Cassette Culture: Popular Music and Technology in North Indiaby Peter Manuel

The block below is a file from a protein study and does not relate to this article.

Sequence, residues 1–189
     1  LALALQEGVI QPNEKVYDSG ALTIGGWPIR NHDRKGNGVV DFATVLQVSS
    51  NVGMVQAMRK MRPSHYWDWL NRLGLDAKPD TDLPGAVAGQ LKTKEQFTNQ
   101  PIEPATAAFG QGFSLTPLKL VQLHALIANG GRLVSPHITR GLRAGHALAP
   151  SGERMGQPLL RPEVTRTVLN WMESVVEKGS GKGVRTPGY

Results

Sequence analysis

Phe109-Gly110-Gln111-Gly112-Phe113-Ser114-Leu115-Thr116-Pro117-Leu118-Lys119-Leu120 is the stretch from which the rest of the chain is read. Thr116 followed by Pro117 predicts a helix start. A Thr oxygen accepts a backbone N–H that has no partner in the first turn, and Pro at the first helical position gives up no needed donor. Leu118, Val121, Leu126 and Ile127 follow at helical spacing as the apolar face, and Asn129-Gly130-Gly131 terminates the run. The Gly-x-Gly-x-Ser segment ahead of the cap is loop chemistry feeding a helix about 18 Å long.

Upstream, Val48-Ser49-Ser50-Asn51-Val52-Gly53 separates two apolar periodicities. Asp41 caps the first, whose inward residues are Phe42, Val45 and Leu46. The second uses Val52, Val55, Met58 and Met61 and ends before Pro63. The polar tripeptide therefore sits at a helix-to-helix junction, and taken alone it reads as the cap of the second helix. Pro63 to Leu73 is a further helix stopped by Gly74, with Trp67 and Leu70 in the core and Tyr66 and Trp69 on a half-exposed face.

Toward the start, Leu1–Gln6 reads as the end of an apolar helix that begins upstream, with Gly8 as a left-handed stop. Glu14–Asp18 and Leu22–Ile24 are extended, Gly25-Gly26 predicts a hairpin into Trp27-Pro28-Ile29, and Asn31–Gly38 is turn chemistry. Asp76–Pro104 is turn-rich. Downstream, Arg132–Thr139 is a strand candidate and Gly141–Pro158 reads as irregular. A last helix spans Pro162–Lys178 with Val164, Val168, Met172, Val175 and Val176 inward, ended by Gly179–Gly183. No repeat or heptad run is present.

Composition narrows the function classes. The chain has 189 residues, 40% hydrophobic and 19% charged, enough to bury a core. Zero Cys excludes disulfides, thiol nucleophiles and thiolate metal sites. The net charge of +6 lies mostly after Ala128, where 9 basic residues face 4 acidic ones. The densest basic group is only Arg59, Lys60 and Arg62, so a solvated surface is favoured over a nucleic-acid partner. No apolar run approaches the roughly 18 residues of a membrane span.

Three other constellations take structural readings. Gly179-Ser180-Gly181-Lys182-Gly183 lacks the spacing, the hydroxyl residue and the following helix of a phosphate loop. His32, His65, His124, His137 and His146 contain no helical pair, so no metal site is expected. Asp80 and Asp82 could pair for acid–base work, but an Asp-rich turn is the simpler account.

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<ul><li><p>Cassette Culture: Popular Music and Technology in North India by Peter ManuelReview by: Rahul Peter DasJournal of the American Oriental Society, Vol. 115, No. 2 (Apr. - Jun., 1995), pp. 357-359Published by: American Oriental SocietyStable URL: http://www.jstor.org/stable/604723 .Accessed: 12/06/2014 20:39</p><p>Your use of the JSTOR archive indicates your acceptance of the Terms &amp; Conditions of Use, available at .http://www.jstor.org/page/info/about/policies/terms.jsp</p><p> .JSTOR is a not-for-profit service that helps scholars, researchers, and students discover, use, and build upon a wide range ofcontent in a trusted digital archive. We use information technology and tools to increase productivity and facilitate new formsof scholarship. For more information about JSTOR, please contact support@jstor.org.</p><p> .</p><p>American Oriental Society is collaborating with JSTOR to digitize, preserve and extend access to Journal ofthe American Oriental Society.</p><p>http://www.jstor.org </p><p>This content downloaded from 91.229.229.212 on Thu, 12 Jun 2014 20:39:52 PMAll use subject to JSTOR Terms and Conditions</p><p>http://www.jstor.org/action/showPublisher?publisherCode=aoshttp://www.jstor.org/stable/604723?origin=JSTOR-pdfhttp://www.jstor.org/page/info/about/policies/terms.jsphttp://www.jstor.org/page/info/about/policies/terms.jsp</p></li><li><p>Reviews of Books Reviews of Books </p><p>line of continuity from the sacrificial religion, without resis- tance. Renunciation became the organizing principle of the dharma literature, Olivelle argues, only gradually, and in the face of clear opposition. Olivelle's work, thus, helps add com- </p><p>plexity and nuance to our understandings of the transitions from Vedic to classical religiosity.5 </p><p>One small point on which this reader would like further </p><p>clarification, particularly because of its intriguing nature, con- cerns the relationship between the wilderness and the cities, </p><p>during the crucial era of intellectual ferment after the fifth cen- </p><p>tury B.C.E. In Olivelle's discussion of the social environment of the upanisadic period, he associates the rise of an ascetic ide- </p><p>ology with urban centers, even though the transmission of the </p><p>upanisadic collections themselves may not have been carried out in cities at all, but in the wilderness (n. 90, p. 61). Was this urban brahmanical enthusiasm for the life of a forest monk similar to the zest with which many city dwellers in our own so- </p><p>ciety rush to Outward Bound adventures, or even champion the </p><p>preservation of wilderness areas they will probably never see?6 Were the ascetic ideals actually taught in wilderness settings, or were the urban brahmins of Olivelle's reconstruction merely idealizing? More attention to the chains of geographical influ- </p><p>ence, where possible, would render this part of Olivelle's argu- ment even more convincing and fascinating. </p><p>The Asrama System is a brilliant book, one that will change the way scholars of Hinduism think and teach, not only about the dsramas and their development within the context of the </p><p>emergence of classical Hinduism, but also about the benefit of </p><p>using indigenous traditions of hermeneutics for understanding change in India. </p><p>RACHEL FELL MCDERMOTT </p><p>BARNARD COLLEGE </p><p>5 For additional discussion of the Heesterman-Dumont di- vide, and Olivelle's comments thereon, see Olivelle's Samnyasa Upanisads, 19-29 and 68-71. </p><p>6 I am grateful to my colleague, Charles Hallisey, who sug- gested this ingenious parallel. </p><p>Cassette Culture: Popular Music and Technology in North In- dia. By PETER MANUEL. Chicago Studies in Ethnomusicology. Chicago: UNIVERSITY OF CHICAGO PRESS, 1993. Pp. xix + 302. $52 (cloth); $22 (paper). </p><p>In the author's own words, "this volume is a study of the impact of cassette technology on popular music in North India" </p><p>line of continuity from the sacrificial religion, without resis- tance. Renunciation became the organizing principle of the dharma literature, Olivelle argues, only gradually, and in the face of clear opposition. Olivelle's work, thus, helps add com- </p><p>plexity and nuance to our understandings of the transitions from Vedic to classical religiosity.5 </p><p>One small point on which this reader would like further </p><p>clarification, particularly because of its intriguing nature, con- cerns the relationship between the wilderness and the cities, </p><p>during the crucial era of intellectual ferment after the fifth cen- </p><p>tury B.C.E. In Olivelle's discussion of the social environment of the upanisadic period, he associates the rise of an ascetic ide- </p><p>ology with urban centers, even though the transmission of the </p><p>upanisadic collections themselves may not have been carried out in cities at all, but in the wilderness (n. 90, p. 61). Was this urban brahmanical enthusiasm for the life of a forest monk similar to the zest with which many city dwellers in our own so- </p><p>ciety rush to Outward Bound adventures, or even champion the </p><p>preservation of wilderness areas they will probably never see?6 Were the ascetic ideals actually taught in wilderness settings, or were the urban brahmins of Olivelle's reconstruction merely idealizing? More attention to the chains of geographical influ- </p><p>ence, where possible, would render this part of Olivelle's argu- ment even more convincing and fascinating. </p><p>The Asrama System is a brilliant book, one that will change the way scholars of Hinduism think and teach, not only about the dsramas and their development within the context of the </p><p>emergence of classical Hinduism, but also about the benefit of </p><p>using indigenous traditions of hermeneutics for understanding change in India. </p><p>RACHEL FELL MCDERMOTT </p><p>BARNARD COLLEGE </p><p>5 For additional discussion of the Heesterman-Dumont di- vide, and Olivelle's comments thereon, see Olivelle's Samnyasa Upanisads, 19-29 and 68-71. </p><p>6 I am grateful to my colleague, Charles Hallisey, who sug- gested this ingenious parallel. </p><p>Cassette Culture: Popular Music and Technology in North In- dia. By PETER MANUEL. Chicago Studies in Ethnomusicology. Chicago: UNIVERSITY OF CHICAGO PRESS, 1993. Pp. xix + 302. $52 (cloth); $22 (paper). </p><p>In the author's own words, "this volume is a study of the impact of cassette technology on popular music in North India" </p><p>(p. xiii). We learn about the history and workings of the cassette </p><p>industry in this region, as well as about what it is that these cas- settes disseminate. Though one of the most popular products of the cassette industry, namely Hindi film songs, is duly noted and </p><p>discussed, the main focus of the work is not on Hindi film mu- sic, as such, but, rather, on what is mostly, but not only, by na- ture music. As it is, the advent of the audio cassette, a relatively inexpensive medium for reproducing and disseminating aural information, has made it possible for aural material formerly hard or impossible to obtain to be relatively easily obtainable, even by poorer segments of the population. Moreover, it is now </p><p>possible to cater to the needs of relatively small groups and still turn a profit, and this has, according to the author, not only rev- olutionized listening habits in South Asia, but is also having widespread impact in the social and political spheres. Any vis- itor to South Asia is sooner or later confronted with the ubi- </p><p>quitous cassette (so impossible to overlook in the many shops in which it displays itself in its often rather garish garb) and/or its contents (more often than not in the form of loud and mer- ciless acoustic onslaught), but few have probably spared more than a passing thought on the place it occupies in modern South Asian society. This book sets out to examine just that. </p><p>Its style is what I would call 'journalistic', and the readership it seems primarily aimed at seems not to be expected to have much knowledge of South Asia. This precludes any in-depth analysis (historical or cultural) of both the "great tradition" and the "little traditions" in which much of the material discussed </p><p>(especially "devotional" and "folk" music) is rooted; not only would the readership probably soon have lost interest, but, judging from the few sporadic forays the author makes in this </p><p>direction, this would moreover also have been to the detriment of the work as a whole.1 He does however try his hand at the </p><p>theorizing and generalizing that seems so popular in much of North American socio-anthropological literature. Most of this, in the opening part of the book, is however a bore. But once one has realized that much in this preliminary part, by nature of in- tense theorizing and discussion of various theories, as well as the quotations from and references to "authorities" strewn in </p><p>every now and then, is more like the lettuce leaves serving to </p><p>garnish a dish and can safely be put aside without any adverse effects, and once one has become used to the author's leftist rhetoric (which gradually disappears in the course of this book) </p><p>1 Obviously, no recourse to primary material can be expected </p><p>in such a context and publication, but even the sporadic second- </p><p>ary material quoted is highly selective and confined to a few works, which scholars who are not primarily North American </p><p>socio-anthropologists may not necessarily find to be very reli- able. Even this material seems not always to have been utilized </p><p>properly; thus one is startled to read that "in 1972, Milton Singer coined the terms 'Great Tradition' and 'Little Tradition'" (p. xiv). </p><p>(p. xiii). We learn about the history and workings of the cassette </p><p>industry in this region, as well as about what it is that these cas- settes disseminate. Though one of the most popular products of the cassette industry, namely Hindi film songs, is duly noted and </p><p>discussed, the main focus of the work is not on Hindi film mu- sic, as such, but, rather, on what is mostly, but not only, by na- ture music. As it is, the advent of the audio cassette, a relatively inexpensive medium for reproducing and disseminating aural information, has made it possible for aural material formerly hard or impossible to obtain to be relatively easily obtainable, even by poorer segments of the population. Moreover, it is now </p><p>possible to cater to the needs of relatively small groups and still turn a profit, and this has, according to the author, not only rev- olutionized listening habits in South Asia, but is also having widespread impact in the social and political spheres. Any vis- itor to South Asia is sooner or later confronted with the ubi- </p><p>quitous cassette (so impossible to overlook in the many shops in which it displays itself in its often rather garish garb) and/or its contents (more often than not in the form of loud and mer- ciless acoustic onslaught), but few have probably spared more than a passing thought on the place it occupies in modern South Asian society. This book sets out to examine just that. </p><p>Its style is what I would call 'journalistic', and the readership it seems primarily aimed at seems not to be expected to have much knowledge of South Asia. This precludes any in-depth analysis (historical or cultural) of both the "great tradition" and the "little traditions" in which much of the material discussed </p><p>(especially "devotional" and "folk" music) is rooted; not only would the readership probably soon have lost interest, but, judging from the few sporadic forays the author makes in this </p><p>direction, this would moreover also have been to the detriment of the work as a whole.1 He does however try his hand at the </p><p>theorizing and generalizing that seems so popular in much of North American socio-anthropological literature. Most of this, in the opening part of the book, is however a bore. But once one has realized that much in this preliminary part, by nature of in- tense theorizing and discussion of various theories, as well as the quotations from and references to "authorities" strewn in </p><p>every now and then, is more like the lettuce leaves serving to </p><p>garnish a dish and can safely be put aside without any adverse effects, and once one has become used to the author's leftist rhetoric (which gradually disappears in the course of this book) </p><p>1 Obviously, no recourse to primary material can be expected </p><p>in such a context and publication, but even the sporadic second- </p><p>ary material quoted is highly selective and confined to a few works, which scholars who are not primarily North American </p><p>socio-anthropologists may not necessarily find to be very reli- able. Even this material seems not always to have been utilized </p><p>properly; thus one is startled to read that "in 1972, Milton Singer coined the terms 'Great Tradition' and 'Little Tradition'" (p. xiv). </p><p>357 357 </p><p>This content downloaded from 91.229.229.212 on Thu, 12 Jun 2014 20:39:52 PMAll use subject to JSTOR Terms and Conditions</p><p>http://www.jstor.org/page/info/about/policies/terms.jsp</p></li><li><p>Journal of the American Oriental Society 115.2 (1995) </p><p>and his harping (which too gradually disappears later on) on the undemocratic nature of the music produced and disseminated </p><p>by oligopolistic entities and the democratic, grass-roots nature of smaller and regionalized producing and marketing entities, one discovers that this work is quite enjoyable and has a lot of </p><p>very interesting information that it-rather surprisingly, given the author's obvious biases (which he himself makes no at- </p><p>tempts to hide, p. xv)-mostly presents in a manner that may be termed 'differentiating', and even critical of several of his own beliefs put forth in the preface (e.g., "undemocratic" musical culture is not always necessarily harmful, whereas "demo- cratic" musical culture is not always necessarily beneficial). </p><p>All in all, the book makes not only quite interesting, but also </p><p>enjoyable reading. We learn how cassettes are manufactured, recorded and distributed, how not only the legitimate, but also the huge pirating industry (often difficult to differentiate from the former) functions, how artistes are won and treated, etc. The individual genres of cassette recordings and their target groups too are analyzed, in some cases more or less superfi- cially, but in others quite thoroughly; the social impact of what is disseminated is also studied, but with too much generaliza- tion. This latter is indeed one of the weaknesses of this work, a weakness it shares with many modern works which study South Asia from a socio-anthropological point of view- </p><p>namely the tendency to generalize on a rather limited and lo- calized (both in space and in time) data base. Thus, though the </p><p>study is roughly confined to the Doab and immediately adjoin- ing regions, even here it being only the Braj area which is thor- </p><p>oughly studied (the Garhwali cassette market, too, comes in for some closer scrutiny), and though, given the dearth of really re- liable data, much of what is presented in the book is anecdotal or based on a scattering of interviews, i.e., highly personalized, the author more often than not generalizes his gleanings from this material to write not only about "North India" (which in it- self is bad enough), but abou...</p></li></ul>